A bill aiming to regulate universities’ and colleges’ power over student speech made progress in the State House.
The bill passed the House Committee on Oversight and has been referred to the Committee on the Judiciary last Thursday, where it is likely to receive modifications.
“We have a problem on campuses right now — and public schools — in that we’re not allowing free speech. It’s really getting curtailed,” Reilly said.
The legislation was submitted in the wake of clashes between college students and far-right speakers on Michigan campuses, specifically when white nationalist Richard Spencer spoke at Michigan State. During his speech, far-right and anti-Spencer protesters clashed, resulting in several arrests.
Reilly said the financial burden on people’s taxes drove him to write the bill.
“(Students who feel their free speech is violated) sue the schools and basically get tax dollars to pay these different judgments,” Reilly said. “In the majority of cases, the schools are losing.”
Indeed, Battle Creek’s Kellogg Community College settled a free speech lawsuit in January 2018 for $55,000, which imposed a revision of the school’s free speech policy.
The case centered around two students arrested for trespassing while recruiting for Young Americans for Liberty, a libertarian student activism organization.
The college said that recruiters needed approval from their Office of Student Life. The students said their constitutional right to free speech was being violated.
Changes to the policy clarify a continued practice of allowing free speech without regard to content of expression.
Free speech legislation as introduced would require similar policy changes across the board and provide legal remedies to any violations.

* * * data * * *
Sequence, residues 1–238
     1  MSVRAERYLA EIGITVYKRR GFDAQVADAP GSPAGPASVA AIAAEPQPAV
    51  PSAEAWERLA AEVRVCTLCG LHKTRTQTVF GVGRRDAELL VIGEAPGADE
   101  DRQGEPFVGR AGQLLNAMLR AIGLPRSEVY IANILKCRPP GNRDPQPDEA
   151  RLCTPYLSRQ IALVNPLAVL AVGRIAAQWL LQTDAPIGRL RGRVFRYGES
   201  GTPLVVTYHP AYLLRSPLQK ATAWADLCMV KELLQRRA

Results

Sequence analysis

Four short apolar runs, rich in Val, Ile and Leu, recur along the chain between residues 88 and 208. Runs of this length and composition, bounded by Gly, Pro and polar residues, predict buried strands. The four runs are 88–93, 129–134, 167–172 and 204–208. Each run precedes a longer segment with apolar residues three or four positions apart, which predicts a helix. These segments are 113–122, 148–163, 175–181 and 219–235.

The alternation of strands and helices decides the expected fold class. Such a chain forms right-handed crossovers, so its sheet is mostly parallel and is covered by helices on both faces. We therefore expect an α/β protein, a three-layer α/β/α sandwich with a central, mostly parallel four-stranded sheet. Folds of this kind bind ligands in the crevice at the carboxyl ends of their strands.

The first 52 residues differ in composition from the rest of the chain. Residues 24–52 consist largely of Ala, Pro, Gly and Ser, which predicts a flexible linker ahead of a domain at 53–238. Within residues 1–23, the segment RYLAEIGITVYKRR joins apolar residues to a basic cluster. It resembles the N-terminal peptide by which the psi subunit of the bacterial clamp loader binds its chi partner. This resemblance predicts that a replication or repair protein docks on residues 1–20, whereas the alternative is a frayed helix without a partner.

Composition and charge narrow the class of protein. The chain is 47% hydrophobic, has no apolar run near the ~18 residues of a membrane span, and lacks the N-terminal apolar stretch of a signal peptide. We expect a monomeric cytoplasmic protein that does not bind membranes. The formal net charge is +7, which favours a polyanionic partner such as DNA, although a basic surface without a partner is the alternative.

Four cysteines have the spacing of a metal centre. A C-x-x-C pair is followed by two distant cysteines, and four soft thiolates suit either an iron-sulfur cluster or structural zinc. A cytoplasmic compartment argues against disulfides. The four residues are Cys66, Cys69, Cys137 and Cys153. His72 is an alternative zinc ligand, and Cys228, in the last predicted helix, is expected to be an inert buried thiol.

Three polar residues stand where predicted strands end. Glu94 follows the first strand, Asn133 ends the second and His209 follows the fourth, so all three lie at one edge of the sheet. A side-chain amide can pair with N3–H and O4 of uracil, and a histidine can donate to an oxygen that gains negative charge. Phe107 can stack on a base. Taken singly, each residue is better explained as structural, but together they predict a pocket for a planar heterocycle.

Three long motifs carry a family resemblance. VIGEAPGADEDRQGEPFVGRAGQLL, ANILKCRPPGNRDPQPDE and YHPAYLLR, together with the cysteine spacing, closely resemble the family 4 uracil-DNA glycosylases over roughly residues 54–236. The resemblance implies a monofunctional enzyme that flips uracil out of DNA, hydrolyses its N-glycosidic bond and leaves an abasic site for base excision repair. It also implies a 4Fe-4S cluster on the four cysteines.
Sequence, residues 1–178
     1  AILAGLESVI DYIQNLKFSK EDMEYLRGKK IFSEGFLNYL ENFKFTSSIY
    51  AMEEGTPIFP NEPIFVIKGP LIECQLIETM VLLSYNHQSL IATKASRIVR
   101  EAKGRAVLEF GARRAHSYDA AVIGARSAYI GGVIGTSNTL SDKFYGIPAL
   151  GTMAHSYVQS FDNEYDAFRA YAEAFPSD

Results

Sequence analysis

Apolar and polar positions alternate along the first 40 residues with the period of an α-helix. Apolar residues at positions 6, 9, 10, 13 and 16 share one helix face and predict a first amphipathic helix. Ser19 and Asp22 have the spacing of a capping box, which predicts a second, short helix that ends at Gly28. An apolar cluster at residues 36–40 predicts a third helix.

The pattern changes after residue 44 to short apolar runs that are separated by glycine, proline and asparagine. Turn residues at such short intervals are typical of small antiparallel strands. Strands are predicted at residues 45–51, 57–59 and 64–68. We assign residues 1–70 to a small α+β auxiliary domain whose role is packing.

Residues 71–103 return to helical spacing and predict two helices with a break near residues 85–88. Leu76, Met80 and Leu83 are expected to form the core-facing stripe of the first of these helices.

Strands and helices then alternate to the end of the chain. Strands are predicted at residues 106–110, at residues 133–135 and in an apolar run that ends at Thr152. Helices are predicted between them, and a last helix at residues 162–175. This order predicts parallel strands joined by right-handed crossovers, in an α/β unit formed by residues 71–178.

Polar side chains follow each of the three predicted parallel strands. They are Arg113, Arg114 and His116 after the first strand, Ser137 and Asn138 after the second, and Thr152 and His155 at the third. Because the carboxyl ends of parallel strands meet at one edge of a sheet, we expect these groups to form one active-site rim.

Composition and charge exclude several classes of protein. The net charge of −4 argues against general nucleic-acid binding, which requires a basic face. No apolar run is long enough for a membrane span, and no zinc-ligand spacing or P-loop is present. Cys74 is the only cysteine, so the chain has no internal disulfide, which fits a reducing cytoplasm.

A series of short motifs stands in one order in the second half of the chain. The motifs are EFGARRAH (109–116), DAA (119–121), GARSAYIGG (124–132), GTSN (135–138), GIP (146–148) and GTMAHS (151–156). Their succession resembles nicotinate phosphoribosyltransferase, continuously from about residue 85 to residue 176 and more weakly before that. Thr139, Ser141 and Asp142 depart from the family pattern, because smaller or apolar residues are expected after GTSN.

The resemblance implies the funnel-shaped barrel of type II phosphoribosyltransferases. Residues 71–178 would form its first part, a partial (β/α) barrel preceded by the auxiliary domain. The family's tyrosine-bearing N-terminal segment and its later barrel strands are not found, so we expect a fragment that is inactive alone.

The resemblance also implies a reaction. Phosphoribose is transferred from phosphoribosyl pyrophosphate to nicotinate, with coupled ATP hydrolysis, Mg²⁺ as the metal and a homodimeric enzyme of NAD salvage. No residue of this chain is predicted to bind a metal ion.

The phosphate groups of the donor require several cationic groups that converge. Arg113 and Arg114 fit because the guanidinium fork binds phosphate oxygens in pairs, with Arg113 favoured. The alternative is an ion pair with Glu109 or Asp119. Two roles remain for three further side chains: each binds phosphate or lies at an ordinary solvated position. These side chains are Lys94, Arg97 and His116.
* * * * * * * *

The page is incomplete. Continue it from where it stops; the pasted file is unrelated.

Reilly said he expressed pride in the bill’s bipartisan support and that some Democrats supported the proposal.
“Most people are in favor of free speech,” Reilly said.
House Fiscal Analyst Perry Zielak said in a legislative analysis that the bill would have a minimal affect on university funds.
The bill raises constitutional autonomy questions for public universities, making it unclear if universities would have to adopt the changes, according to the report.
The bill also protects college and university staff from being fired based on free speech.
Jeremiah Ward, MSU College Republicans Communications Chair, said the group wholeheartedly supports the bill.
“The policies of MSU and other public universities ought to promote viewpoint diversity,” he said.
MSU College Democrats Press Secretary Maysa Sitar also voiced support for the legislation.
“No one should ever be fired from their jobs for expressing how they feel,” Sitar said.
Sitar also stressed the importance of protecting protests.
“I think it’s also important that, while the university respects free speech, that there is also an abundance of response,” Sitar said via text. “Just because someone like Richard Spencer is allowed to say horrible things doesn’t mean that groups like (MSU College Democrats) shouldn’t respond.”